Finding our lobster

In Bombay, a city surrounded by the sea, seafood is fresh and available in abundance. And feasting on it is a regular and exuberant activity — almost a birthright. Bombayites, raised on the spoils of the sea, crowd into famed spots for favourite dishes. Mahesh Lunch Home for Jumbo Crab and Butter Pepper Garlic Prawns. Trishna for Tandoori Lobster and Squid Koliwada. Or Gajalee for Clam Masala and Stuffed Pomfret. 

All of these establishments take their influence from Maharashtrian cooking — just one cuisine in Bombay’s varied palette, which also includes influences from China, the west, and elsewhere in India. Malvani cuisine, from the South Kongan region is especially popular in Bombay and makes delicious use of coconut and fish. If ever the opportunity presents itself, do try some crisp morsels of Bangda (mackerel) Fry. 

Yet more seafood-loving Bombayites can be found at Sassoon Dock, the raucous fish market in South Bombay. There, sea creatures of every shape, size and flavour, from baby sharks to blue crabs, are laid out in baskets, on tarpaulins, or piled in vast heaps on the floor. (If you visit, consider wearing an old pair of shoes that you are happy to throw away afterwards). Impromptu fish auctions often break out (open only to wholesalers), and the chefs of famous restaurants can be spied shopping.

At the centre of the market’s trade are the Koli people — the fishing community who inhabited the original seven swampy islands long before Bombay ballooned into a city of twenty million. There are still Koliwada districts in Bombay and, for the Koli people, fish and fishing are core to their identity and everyday life. 

It is the Bombayites’ loving relationship to fish and seafood — their traditions, history, local delicacies — that inspired the new lunchtime special at our Canary Wharf café: the Lobster Roll

Lobster claw meat is marinated tenderly in butter, fried garlic, lime and chilli dressing, and chilli flakes, before being piled into a soft, homemade pau in indulgent quantities. Fried onions and fresh herbs dress this resplendent roll, and we invite you to pour on chilli garlic butter, squeeze over lemon and tie your napkin around your neck to protect your best workwear from the zesty juices. Or to take crunchy respite from the richness with a side of café crisps.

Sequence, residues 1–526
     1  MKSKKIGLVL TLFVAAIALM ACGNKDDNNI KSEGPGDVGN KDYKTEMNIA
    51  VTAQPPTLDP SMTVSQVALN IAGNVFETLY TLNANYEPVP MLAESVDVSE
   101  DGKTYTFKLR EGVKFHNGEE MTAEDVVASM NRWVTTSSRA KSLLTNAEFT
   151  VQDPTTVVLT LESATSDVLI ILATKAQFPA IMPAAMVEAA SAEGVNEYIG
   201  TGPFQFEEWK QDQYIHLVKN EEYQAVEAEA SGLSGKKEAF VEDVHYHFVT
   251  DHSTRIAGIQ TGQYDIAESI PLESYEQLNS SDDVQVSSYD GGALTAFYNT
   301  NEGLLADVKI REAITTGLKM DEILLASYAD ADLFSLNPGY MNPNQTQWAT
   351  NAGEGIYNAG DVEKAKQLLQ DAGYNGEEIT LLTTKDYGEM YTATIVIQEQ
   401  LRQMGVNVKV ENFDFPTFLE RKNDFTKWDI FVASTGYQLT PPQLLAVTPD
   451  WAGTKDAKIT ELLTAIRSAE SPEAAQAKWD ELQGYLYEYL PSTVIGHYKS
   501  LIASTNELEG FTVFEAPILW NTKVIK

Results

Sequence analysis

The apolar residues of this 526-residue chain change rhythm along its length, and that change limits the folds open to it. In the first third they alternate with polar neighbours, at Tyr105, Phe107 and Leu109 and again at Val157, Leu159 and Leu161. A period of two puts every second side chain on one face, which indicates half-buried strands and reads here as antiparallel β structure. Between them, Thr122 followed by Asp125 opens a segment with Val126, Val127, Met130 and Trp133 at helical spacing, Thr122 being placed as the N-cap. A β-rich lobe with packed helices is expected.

It is available 16th October until 19th November between 12pm and 5pm, and is £25 — a modest price for a little lunch-break luxury, and an evocative culinary connection with Bombay.

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Dishoom Loves. Issue XIII.

With February comes a gladdening of spirits, lighter morning skies and discernibly louder birdsong. It is also the month to bid farewell to our winter cocoons (at least partially) and tune back into the world beyond our blankets. Allow us to ease the de-hibernation process, by sharing some of the things piquing our interest this month.

A Little Magic

“Who wants to see some magic?” Chef Arun calls out. He flings the rolled out dough into the air, sending it soaring above the counter. It spins and twists, a graceful dancer in the air. The children watch its arc, their eyes wide with wonder, until it lands gently back in the chef's hands. The children shriek in delight.

Dishoom Loves. Issue XII.

January is a most divisive month. For some it heralds the hopeful turning over of new leaves; for others it is a month to trudge begrudgingly through towards the promise of spring. Whichever camp you find yourself in, we have plentiful diversions to share. See them as the cherry atop your already gleeful January cake, or a welcome distraction while you await winter’s end.

Goodbye 2023. Hello 2024.

I AM HERE, dear reader, slovenly and slouched, staring into my drink at the end of the bar in our new restaurant in Battersea. My mind is still down and out, sifting around in the dregs of ’23 but of course it knows that I should really straighten my back, raise my chin and look squarely up into the cold new light of ’24. My drink – Choti’s Punch – clear and strong, sweet with a little salt, may help.